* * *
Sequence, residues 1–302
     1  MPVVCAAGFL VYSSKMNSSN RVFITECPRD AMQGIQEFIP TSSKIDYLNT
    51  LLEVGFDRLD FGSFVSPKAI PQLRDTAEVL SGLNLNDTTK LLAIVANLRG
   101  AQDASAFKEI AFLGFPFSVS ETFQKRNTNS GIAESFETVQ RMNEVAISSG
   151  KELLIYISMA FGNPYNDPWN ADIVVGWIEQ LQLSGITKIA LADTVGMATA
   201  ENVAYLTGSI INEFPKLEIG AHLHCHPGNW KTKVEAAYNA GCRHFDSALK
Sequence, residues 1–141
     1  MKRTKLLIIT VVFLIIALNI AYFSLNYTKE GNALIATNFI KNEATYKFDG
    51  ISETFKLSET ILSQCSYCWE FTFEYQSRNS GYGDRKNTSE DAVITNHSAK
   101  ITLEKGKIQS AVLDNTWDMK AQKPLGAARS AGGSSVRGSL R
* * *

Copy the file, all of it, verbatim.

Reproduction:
Sequence, residues 1–302
     1  MPVVCAAGFL VYSSKMNSSN RVFITECPRD AMQGIQEFIP TSSKIDYLNT
    51  LLEVGFDRLD FGSFVSPKAI PQLRDTAEVL SGLNLNDTTK LLAIVANLRG
   101  AQDASAFKEI AFLGFPFSVS ETFQKRNTNS GIAESFETVQ RMNEVAISSG
   151  KELLIYISMA FGNPYNDPWN ADIVVGWIEQ LQLSGITKIA LADTVGMATA
   201  ENVAYLTGSI INEFPKLEIG AHLHCHPGNW KTKVEAAYNA GCRHFDSALK
Sequence, residues 1–141
     1  MKRTKLLIIT VVFLIIALNI AYFSLNYTKE GNALIATNFI KNEATYKFDG
    51  ISETFKLSET ILSQCSYCWE FTFEYQSRNS GYGDRKNTSE DAVITNHSAK
   101  ITLEKGKIQS AVLDNTWDMK AQKPLGAARS AGGSSVRGSL R